One would suppose, considering the strength which increased population brings to a State, and the feeling of pride with which increasing numbers are always recorded, that emigration, the great wandering of the peoples towards other countries than their own which is one of the most startling phenomena of our time, would be exceedingly unpopular; but that is not the case. Political philosophers sometimes mourn over the process ; but the instinct of the people tells them that this is for them the only practicable relief ; that if they are too thick upon the ground, or if the soil they till shows symptoms of ex- haustion, the only thing to be done is to fill up distant regions where the people are fewer to the square mile, and "intensive agriculture," or high farming as our people call it, is not indispensable to prosperity. Irish orators, it is true, grow eloquently sad over the rush of their people to America ; but some at least of the sadness is assumed, since the decline of population can be used in highly poetic periods when they are scolding the British Government because Ireland, with her poor soil, over- humid air, and lack of minerals, is not as rich as Stafford- shire or Devon. The statesmen of Scandinavia shake their heads over the unending trickle from their three kingdoms towards regions where the mould lies deeper and the skies are less harsh ; but they comfort themselves with the admission which Canadians and Americans are so ready to make, that except the British ploughman there is no emigrant so valuable as the Norwegian, Swede, or Dane. For the rest, the Italian is rather proud of the rush from Italy to South America, a rush so vast that now when an Italian says, "He has gone to America," he means that his friend is a settler in Argentina or Uruguay. Even the German Government, though it keeps up some vexatious rules about liability to the conscription, does not check emigration, but rather promotes it by its subsidies to the liners which convey the emigrants. This is the more note- worthy because it is undoubtedly greatly annoyed by an unexpected peculiarity in German emigration, which Mr. Eltzbacher in the August number of the Contemporary brings into prominence. We were aware that German emigrants to the UniLed States speedily merge them- selves in the population, but we attributed that to the attractiveness of Republican institutions. We did not recognise, not at least as clearly as Mr. Eltzbacher does, that the German, wherever he settles, merges himself in the ruling population. He rapidly, for instance, in Hungary becomes a, Magyar. In Bohemia he sends his children to gzech schools, and adopts for them the language of the surrounding people. In the Czech school district of Prague the German language is almost unknown, for there 16,644 children speak Czech ; 163 speak both languages ; and one solitary child is described as speaking German only. Almost three-quarters of the children in the German school districts speak Czech, while not one- hundredth of the children in the Czech school districts speak German." That is a very curious fact to be reported of the race which honestly believes itself to be the best and most civilised in the world ; but it is true of nearly all Hungarian towns, of Moravia, Galicia, and even the Tyrol, where, as we understand Mr. Eltzbacher, the long-since-noted "eating out" of the Germans by the Italians is in great part due to the adoption by Germans of the Italian language and nationality. Precisely the same process is noticed in Switzerland, in France, and, we may add, in Great Britain, where the Germans in the second generation tend to disappear, becoming often the English of the English. "You are not an Englishman," said an English friend to a success- ful German immigrant. "More English than you ! " was the retort; "for you inherited your nationality, and I deliberately adopted mine." It is, we are told, an annoyed sense of the way in which emigrating Germans "lose themselves" in a new land which makes William II. so anxious to acquire a colony where his people may retain their language and nationality, an anxiety which naturally throws his policy into antagonism to that of Great Britain, who holds so many unoccupied lands, and that of the United States, who forbid him to acquire the partially defenceless territories of South America.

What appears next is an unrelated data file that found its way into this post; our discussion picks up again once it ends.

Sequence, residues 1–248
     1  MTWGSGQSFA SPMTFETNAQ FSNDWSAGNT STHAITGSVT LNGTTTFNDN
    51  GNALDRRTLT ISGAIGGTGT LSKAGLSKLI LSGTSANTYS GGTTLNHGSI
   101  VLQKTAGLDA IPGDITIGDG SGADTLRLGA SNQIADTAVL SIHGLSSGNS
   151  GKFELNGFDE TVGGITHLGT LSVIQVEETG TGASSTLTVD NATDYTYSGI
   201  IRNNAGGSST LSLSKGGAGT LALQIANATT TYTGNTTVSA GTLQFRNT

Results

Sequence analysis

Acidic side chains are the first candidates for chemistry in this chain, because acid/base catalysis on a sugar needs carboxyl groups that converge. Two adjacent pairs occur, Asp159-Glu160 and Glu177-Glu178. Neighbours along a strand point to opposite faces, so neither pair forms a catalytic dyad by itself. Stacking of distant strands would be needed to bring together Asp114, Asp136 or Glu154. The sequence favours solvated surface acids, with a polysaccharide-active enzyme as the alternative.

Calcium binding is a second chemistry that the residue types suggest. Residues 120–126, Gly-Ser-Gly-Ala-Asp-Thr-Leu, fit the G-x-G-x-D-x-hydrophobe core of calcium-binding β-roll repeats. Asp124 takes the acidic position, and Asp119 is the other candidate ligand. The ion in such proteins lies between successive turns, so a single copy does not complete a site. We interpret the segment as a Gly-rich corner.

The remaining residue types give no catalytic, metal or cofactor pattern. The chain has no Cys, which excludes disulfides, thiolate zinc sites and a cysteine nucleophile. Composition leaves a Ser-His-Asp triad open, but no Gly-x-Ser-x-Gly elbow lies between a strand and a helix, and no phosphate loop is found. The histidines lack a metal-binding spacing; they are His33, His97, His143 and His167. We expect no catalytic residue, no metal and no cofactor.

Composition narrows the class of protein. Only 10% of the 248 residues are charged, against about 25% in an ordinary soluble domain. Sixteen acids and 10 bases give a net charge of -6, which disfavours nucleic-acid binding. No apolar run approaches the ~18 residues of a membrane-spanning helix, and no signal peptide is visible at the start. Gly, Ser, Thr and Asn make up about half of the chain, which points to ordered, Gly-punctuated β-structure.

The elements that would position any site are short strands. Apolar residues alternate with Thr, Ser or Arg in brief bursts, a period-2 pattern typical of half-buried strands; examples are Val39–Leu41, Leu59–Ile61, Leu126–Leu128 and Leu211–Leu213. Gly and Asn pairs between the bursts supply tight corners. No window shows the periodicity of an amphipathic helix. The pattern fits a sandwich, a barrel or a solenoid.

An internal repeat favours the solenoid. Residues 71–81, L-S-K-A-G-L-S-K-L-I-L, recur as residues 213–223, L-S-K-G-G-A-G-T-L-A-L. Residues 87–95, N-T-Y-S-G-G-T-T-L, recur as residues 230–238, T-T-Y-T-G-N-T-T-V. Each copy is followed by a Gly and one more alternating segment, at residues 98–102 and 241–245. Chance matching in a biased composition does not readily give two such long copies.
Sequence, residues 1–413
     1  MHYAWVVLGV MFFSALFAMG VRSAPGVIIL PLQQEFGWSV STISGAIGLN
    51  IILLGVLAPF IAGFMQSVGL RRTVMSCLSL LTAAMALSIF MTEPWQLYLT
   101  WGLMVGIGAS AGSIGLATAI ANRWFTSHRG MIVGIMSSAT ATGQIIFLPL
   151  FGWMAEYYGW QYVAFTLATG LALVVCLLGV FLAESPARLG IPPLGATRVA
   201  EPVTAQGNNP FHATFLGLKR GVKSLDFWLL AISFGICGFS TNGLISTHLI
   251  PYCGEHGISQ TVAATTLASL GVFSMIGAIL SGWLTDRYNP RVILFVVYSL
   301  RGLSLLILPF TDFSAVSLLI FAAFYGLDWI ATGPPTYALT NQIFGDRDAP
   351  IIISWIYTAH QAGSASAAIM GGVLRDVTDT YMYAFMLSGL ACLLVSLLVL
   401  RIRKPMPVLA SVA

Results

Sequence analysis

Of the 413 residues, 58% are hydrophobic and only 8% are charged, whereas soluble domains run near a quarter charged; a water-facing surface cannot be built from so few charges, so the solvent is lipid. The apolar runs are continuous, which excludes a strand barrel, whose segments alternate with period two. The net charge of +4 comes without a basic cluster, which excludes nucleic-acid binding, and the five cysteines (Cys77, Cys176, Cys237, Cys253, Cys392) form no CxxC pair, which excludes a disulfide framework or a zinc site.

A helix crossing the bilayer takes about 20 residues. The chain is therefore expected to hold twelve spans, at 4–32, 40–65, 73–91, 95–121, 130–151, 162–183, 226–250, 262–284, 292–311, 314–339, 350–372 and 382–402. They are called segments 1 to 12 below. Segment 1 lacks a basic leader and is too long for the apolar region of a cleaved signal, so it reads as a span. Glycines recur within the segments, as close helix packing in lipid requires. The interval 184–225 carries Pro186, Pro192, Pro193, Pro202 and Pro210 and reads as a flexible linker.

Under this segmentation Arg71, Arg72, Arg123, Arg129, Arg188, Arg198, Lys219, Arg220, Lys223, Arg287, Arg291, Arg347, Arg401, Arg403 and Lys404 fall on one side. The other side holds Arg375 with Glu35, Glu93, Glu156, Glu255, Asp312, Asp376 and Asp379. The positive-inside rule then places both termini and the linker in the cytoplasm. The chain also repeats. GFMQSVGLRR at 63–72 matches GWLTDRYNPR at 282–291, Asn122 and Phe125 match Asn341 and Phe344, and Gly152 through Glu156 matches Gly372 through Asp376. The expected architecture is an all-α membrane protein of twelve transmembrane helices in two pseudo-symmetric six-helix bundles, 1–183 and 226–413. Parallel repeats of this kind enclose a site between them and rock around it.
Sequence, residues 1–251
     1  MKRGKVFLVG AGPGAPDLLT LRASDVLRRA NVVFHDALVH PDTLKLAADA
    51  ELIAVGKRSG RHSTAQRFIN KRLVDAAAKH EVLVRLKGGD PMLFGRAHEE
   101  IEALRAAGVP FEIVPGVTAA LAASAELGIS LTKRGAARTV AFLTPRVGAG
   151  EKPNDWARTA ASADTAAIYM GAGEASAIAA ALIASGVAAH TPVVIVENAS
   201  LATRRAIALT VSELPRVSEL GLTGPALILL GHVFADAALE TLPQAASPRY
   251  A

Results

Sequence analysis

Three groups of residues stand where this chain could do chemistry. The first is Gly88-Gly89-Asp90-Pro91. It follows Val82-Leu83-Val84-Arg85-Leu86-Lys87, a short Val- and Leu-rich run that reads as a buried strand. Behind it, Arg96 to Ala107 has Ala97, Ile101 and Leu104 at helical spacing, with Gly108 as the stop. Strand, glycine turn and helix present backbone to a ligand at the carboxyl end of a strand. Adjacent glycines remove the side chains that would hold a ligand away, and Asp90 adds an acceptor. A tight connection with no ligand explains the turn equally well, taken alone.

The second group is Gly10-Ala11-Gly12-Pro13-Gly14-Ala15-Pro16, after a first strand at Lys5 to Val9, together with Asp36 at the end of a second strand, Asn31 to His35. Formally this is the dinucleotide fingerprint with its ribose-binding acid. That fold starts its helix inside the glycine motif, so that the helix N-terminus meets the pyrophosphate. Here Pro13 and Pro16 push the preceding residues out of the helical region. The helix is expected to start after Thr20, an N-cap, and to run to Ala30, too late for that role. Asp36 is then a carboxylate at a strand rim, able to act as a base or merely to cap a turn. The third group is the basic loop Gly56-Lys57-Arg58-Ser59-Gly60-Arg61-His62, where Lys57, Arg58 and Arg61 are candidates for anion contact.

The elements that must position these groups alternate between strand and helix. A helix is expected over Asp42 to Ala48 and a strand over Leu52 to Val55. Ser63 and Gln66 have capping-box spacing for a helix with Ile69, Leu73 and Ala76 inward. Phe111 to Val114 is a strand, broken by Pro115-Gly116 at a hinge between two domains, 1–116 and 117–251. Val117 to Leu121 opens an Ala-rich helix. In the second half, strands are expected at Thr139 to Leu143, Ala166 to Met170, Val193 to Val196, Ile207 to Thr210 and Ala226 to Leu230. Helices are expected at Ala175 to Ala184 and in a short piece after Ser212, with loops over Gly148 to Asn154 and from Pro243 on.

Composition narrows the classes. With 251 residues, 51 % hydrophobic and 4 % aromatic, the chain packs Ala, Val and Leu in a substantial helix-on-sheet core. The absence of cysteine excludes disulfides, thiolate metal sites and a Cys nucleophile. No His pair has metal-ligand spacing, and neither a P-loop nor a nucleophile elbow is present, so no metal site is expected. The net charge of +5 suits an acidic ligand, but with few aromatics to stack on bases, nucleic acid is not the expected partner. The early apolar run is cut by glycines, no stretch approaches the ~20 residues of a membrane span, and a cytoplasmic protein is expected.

Mr. Eltzbacher evidently thinks that the German readiness to be merged is peculiar to that people, and he has for evidence in his support the British refusal to live in any country where they or their descendants are not supreme, and the persistence with which the French- Canadians have clung to their language, their creed, and their ways of life; but we fancy that the readiness is much more general, even if it is not absolutely universal. We can recall in modern history no instance in which emigrants, not being soldiers, have mastered the country of their adoption. Men of all the white races enter America by tens of thousands every year, and in two generations are lost in the previous population. That is attributed to the "absorbing power" of the Anglo-Saxon, but there is another and yet more remarkable cause. The Italians swarm into Spanish America in such numbers that they could in many States claim a large share in the govern- ment; but they do not. On the contrary, they leave the Spaniards to govern, learn Spanish themselves, and if they are ambitious, gratify their ambition by becoming indis- tinguishable from the people among whom they have elected* to reside. The "wandering of the nations" is a very remarkable phenomenon, but its total result seems to be a faster growth in the nations which attract immigrants. That is not very alarming.